Biol Psychiatry Cogn Neurosci Neuroimaging. 2017 Sep;2(6):518-527. doi: 10.1016/j.bpsc.2017.06.008.
Linke AC1, Olson L1,2, Gao Y1,2, Fishman I1, Müller RA1.
Prescription of psychotropic medications is common in autism spectrum disorders (ASDs), either off-label or to treat comorbid conditions such as ADHD or depression. Psychotropic medications are intended to alter brain function. Yet, studies investigating the functional brain organization in ASDs rarely take medication usage into account. This could explain some of the inconsistent findings of atypical brain network connectivity reported in the autism literature.
The current study tested whether functional connectivity patterns, as assessed with functional magnetic resonance imaging (fMRI), differed in a cohort of 49 children and adolescents with ASDs based on psychotropic medication status, and in comparison with 50 matched typically developing (TD) participants. Twenty-five participants in the ASD group (51%) reported current psychotropic medication usage, including stimulants, antidepressants, antipsychotics, and anxiolytics. Age, IQ, head motion, and ASD symptom severity did not differ between groups. Whole-brain functional connectivity between 132 regions of interest was assessed.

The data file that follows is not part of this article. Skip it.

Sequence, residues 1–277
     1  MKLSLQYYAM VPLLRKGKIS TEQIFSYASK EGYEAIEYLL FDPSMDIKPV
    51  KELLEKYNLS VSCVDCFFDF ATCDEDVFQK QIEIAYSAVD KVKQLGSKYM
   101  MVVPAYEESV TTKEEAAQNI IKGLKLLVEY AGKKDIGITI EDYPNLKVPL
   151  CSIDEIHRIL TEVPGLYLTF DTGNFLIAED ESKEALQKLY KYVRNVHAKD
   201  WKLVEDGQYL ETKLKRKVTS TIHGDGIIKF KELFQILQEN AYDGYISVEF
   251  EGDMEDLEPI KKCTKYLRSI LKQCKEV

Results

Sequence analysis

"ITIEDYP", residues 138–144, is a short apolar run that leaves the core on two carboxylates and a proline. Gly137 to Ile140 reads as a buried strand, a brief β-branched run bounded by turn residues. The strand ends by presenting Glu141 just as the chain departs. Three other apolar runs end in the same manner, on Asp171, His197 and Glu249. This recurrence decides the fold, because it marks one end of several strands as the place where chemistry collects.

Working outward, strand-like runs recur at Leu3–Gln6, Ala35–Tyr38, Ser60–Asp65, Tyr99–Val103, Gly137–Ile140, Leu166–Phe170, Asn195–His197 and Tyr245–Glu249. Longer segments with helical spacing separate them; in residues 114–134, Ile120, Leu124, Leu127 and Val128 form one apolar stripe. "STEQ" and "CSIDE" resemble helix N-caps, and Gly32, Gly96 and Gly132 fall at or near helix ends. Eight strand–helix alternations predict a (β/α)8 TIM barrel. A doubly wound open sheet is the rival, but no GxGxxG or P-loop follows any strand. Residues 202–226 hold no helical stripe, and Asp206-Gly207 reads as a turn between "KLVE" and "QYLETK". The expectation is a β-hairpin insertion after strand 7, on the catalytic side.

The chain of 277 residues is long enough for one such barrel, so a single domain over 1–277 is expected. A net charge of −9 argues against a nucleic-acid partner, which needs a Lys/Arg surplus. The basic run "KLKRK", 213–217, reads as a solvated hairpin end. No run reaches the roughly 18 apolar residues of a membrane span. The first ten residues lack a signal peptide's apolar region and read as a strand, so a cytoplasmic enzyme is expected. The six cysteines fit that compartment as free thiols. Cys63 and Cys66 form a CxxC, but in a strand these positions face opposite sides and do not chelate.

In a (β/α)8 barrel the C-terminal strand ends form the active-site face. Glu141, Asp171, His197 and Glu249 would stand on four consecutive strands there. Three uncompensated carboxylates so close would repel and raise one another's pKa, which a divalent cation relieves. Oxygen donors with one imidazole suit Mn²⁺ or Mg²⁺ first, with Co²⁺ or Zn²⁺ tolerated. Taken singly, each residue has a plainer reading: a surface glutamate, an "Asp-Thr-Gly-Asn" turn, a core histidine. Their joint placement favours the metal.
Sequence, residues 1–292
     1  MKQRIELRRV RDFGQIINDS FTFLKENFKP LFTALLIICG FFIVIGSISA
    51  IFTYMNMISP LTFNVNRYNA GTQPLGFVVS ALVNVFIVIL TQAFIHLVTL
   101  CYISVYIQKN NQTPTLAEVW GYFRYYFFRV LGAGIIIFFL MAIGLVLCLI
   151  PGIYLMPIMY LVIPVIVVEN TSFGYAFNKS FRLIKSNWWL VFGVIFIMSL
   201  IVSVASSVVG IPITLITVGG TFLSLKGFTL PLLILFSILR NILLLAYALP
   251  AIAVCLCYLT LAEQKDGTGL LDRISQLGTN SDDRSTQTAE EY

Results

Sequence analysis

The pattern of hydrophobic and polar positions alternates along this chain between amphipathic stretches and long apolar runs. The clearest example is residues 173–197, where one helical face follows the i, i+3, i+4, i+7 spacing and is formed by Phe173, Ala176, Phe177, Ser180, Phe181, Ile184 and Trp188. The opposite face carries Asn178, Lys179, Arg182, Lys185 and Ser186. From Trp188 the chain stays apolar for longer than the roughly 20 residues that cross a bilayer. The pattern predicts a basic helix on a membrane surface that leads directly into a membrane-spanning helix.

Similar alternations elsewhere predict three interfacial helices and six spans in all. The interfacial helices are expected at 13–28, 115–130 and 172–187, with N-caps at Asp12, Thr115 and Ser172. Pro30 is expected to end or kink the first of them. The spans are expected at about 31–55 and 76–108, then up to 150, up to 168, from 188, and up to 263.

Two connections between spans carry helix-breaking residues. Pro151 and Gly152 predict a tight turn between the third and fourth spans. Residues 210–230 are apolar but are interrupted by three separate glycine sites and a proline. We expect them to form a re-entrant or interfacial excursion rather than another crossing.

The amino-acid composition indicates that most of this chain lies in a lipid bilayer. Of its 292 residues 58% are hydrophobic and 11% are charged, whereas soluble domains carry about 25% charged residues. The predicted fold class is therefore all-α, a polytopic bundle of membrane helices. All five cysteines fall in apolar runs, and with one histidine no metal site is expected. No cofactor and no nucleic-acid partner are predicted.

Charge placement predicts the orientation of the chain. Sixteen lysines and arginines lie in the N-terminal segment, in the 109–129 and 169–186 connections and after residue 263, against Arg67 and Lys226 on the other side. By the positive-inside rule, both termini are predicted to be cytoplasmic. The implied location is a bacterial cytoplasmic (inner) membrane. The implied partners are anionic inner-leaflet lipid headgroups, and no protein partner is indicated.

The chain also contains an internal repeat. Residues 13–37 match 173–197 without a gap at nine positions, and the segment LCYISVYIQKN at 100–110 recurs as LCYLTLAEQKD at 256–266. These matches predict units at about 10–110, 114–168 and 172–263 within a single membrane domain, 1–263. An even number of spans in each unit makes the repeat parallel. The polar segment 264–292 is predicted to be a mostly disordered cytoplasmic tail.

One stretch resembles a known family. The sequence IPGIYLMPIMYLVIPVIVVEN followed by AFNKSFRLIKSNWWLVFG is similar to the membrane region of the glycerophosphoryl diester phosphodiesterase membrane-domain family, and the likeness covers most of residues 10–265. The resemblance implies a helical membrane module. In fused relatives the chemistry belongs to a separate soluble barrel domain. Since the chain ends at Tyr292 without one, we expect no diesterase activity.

Different functional connectivity patterns were identified in the ASD group taking psychotropic medications (ASD-on), as compared to the TD group and the ASD subgroup not using psychotropic medications (ASD-none). The ASD-on group showed distinct underconnectivity between the cerebellum and basal ganglia but cortico-cortical overconnectivity compared to the TD group. Cortical underconnectivity relative to the TD pattern, on the other hand, was pronounced in the ASD-none group.
These results suggest that psychotropic medications may affect functional connectivity, and that medication status should be taken into consideration when studying brain function in autism.